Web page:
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11/24/2009 World Go News: Cho U Evens Up Tengen Title Match; Cho U To Challenge For Kisei; Cho Hanseung Closing In On GS Caltex Cup; Korea Wins Pair Go Championships; U.S. Places 14th

Tuesday November 24, 2009

CHO U EVENS UP TENGEN TITLE MATCH: Cho U 9P (right) won the second game against challenger Yamashita Keigo 9P in the best-of-five-games defense of his Tengen title on November 19th to make the score 1-1. Cho, who holds “only” four titles now, after losing the Meijin to Iyama Yuta 9P, won this title last year for the first time, taking it from Kono Rin 9P who held it for three years. Kono took it from Yamashita in 2005, and Yamashita was unable to regain it despite being the challenger the next two years. Yamashita had held the title for only one year. The third game in the title match is scheduled for December 3rd. Cho is also currently engaged in defending his Oza title against challenger Yamada Kimio 9P. Cho won the first game of that match and the second of the best-of-five-games event will be on November 24th.
- Bill Cobb, from reports in Go News, GoGameWorld, & Sensei’s Library

CHO U TO CHALLENGE FOR KISEI: Cho U 9P defeated O Rissei 9P in the playoff game November 16th between the winners of the two leagues to decide who would get to challenge Yamashita Keigo 9P for the Kisei title. At the age of fifty, O is a member of the older generation now, but has had a remarkable career, doing well in international events and winning his most recent title in 2004, which involved defeating Cho U to retain the Judan title for the fourth consecutive year. The Kisei is the number one title in Japan with a winner’s prize of about $400,000 US. Yamashita has held this title five times, including the last four years. Yamashita first won it in 2003, when he defeated O who had held it for three years, having taken it from Cho Chikun 9P in 2000. This is Cho U’s first challenge for the Kisei. Cho U and Yamashita are currently engaged in the title match for Cho’s Tengen title; Yamashita has won the first game of that contest. The best-of-seven-games finals will begin next January 14th.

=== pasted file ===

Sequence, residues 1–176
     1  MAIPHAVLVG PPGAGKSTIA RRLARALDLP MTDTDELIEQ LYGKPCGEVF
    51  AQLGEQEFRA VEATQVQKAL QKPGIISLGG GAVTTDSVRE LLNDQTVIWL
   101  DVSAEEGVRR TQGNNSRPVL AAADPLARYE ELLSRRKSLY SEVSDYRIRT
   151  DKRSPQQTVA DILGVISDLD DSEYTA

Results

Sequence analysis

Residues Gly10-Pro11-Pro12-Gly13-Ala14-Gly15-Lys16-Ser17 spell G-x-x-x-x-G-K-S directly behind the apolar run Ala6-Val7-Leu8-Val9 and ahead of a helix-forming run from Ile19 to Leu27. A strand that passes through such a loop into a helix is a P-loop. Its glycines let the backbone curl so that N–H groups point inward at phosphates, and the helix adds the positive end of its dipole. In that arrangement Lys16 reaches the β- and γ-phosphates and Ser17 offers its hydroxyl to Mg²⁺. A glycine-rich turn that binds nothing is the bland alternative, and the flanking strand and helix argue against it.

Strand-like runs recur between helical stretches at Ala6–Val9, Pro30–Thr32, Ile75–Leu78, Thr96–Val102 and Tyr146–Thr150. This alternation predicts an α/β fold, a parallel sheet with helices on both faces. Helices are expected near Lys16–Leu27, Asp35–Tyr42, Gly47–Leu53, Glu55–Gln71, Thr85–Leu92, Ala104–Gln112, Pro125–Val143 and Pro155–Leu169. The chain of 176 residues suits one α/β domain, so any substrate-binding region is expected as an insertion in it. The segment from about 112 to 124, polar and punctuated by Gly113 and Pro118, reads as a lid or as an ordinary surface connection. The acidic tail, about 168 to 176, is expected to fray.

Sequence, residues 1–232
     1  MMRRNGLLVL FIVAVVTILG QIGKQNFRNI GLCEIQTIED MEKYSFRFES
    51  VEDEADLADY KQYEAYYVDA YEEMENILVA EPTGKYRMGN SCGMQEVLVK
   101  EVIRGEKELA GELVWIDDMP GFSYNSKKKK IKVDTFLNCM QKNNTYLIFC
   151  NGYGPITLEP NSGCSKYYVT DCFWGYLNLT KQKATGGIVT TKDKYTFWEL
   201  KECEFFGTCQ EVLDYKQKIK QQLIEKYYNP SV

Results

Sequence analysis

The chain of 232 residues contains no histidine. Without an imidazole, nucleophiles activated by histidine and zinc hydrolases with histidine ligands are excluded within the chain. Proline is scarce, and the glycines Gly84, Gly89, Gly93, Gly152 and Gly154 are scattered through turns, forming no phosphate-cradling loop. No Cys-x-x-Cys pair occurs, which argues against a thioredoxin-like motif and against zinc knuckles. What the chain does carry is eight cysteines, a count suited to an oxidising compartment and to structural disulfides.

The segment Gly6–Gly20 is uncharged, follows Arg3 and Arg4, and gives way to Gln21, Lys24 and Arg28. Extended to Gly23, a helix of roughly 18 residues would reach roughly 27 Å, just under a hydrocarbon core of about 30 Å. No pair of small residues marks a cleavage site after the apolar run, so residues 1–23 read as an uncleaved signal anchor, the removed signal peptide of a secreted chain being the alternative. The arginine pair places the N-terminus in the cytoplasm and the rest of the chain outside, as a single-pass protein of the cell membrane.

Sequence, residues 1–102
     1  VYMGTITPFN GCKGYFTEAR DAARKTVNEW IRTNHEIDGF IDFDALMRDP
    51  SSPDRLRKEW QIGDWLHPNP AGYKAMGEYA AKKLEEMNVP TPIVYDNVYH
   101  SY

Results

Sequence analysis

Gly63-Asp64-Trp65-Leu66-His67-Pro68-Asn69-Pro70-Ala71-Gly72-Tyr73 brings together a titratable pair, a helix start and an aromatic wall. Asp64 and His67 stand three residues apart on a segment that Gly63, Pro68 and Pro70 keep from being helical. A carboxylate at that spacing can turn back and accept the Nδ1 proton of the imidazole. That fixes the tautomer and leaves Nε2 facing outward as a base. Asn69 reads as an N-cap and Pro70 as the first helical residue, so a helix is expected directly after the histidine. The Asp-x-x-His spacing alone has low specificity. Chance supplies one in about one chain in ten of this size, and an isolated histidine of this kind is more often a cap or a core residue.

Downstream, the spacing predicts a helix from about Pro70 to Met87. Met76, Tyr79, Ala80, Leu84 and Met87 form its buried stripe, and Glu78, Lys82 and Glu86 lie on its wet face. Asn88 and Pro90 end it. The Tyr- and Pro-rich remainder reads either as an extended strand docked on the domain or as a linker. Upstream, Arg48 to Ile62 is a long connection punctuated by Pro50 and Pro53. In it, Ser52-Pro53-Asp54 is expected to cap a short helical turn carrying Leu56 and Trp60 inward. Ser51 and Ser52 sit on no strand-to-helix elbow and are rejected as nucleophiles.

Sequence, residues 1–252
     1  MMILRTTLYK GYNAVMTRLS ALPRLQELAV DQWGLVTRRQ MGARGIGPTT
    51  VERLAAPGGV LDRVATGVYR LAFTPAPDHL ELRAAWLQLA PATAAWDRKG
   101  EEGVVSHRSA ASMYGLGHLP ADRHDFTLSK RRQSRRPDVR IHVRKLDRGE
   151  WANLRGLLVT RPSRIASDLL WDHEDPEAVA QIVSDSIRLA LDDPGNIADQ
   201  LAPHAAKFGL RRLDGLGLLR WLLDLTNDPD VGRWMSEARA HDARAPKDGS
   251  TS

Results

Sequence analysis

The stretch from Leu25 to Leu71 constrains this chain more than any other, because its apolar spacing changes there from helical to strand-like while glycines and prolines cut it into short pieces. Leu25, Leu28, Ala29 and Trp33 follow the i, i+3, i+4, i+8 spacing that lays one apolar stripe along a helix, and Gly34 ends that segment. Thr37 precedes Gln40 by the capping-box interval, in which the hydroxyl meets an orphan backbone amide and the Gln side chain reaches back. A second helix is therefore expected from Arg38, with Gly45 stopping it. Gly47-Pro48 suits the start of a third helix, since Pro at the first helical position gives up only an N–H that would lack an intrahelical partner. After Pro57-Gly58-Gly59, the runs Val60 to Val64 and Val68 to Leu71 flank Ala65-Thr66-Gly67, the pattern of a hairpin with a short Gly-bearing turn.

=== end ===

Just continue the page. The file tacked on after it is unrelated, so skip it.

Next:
- Bill Cobb, from reports in Go News, GoGameWorld, & Haengma

CHO HANSEUNG CLOSING IN ON GS CALTEX CUP: Cho Hanseung 9P (right) won the second game of the GS Caltex Cup title match on November 17th against title holder Park Yeonghun 9P to make the score 2-0 in the best-of-five-games match. Cho, who is not as accomplished as Park, won his most recent title, the Chunwon, in 2006. Park won the international Fujitsu in both 2004 and 2007. The next game in the title match will occur on December 2nd. The GS Caltex Cup has the highest winner’s prize among Korean tournaments.
- Bill Cobb, from reports in Go News & GoGameWorld

KOREA WINS PAIR GO CHAMPIONSHIPS; U.S. PLACES 14TH: Korea won the 20th International Amateur Pair Go Championships, held November 14-15 in Tokyo. Thirty two pairs from 22 countries and territories competed. Japanese pairs took 2nd, 3rd and 5th, with a Chinese pair winning 4th place. From the West, only the Russian team managed to crack the top ten – and that just barely – with Elvina Karlsberg 4d and Evgeny Matveev 5d from Russia in 10th. The U.S. team of Yinlin Wang and Yuan Zhou placed 14th, with Canada in 15th. Other top-20 teams from Europe included Germany at 17th place, with the Czech Republic at 18th and the United Kingdom at 19th. Click here for full results.
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WORLD GO NEWS: Yamashita Takes First Game In Tengen Title Match; Korean Myeongin Reaching Final Stages; Honinbo League Proceeding Slowly

Monday November 16, 2009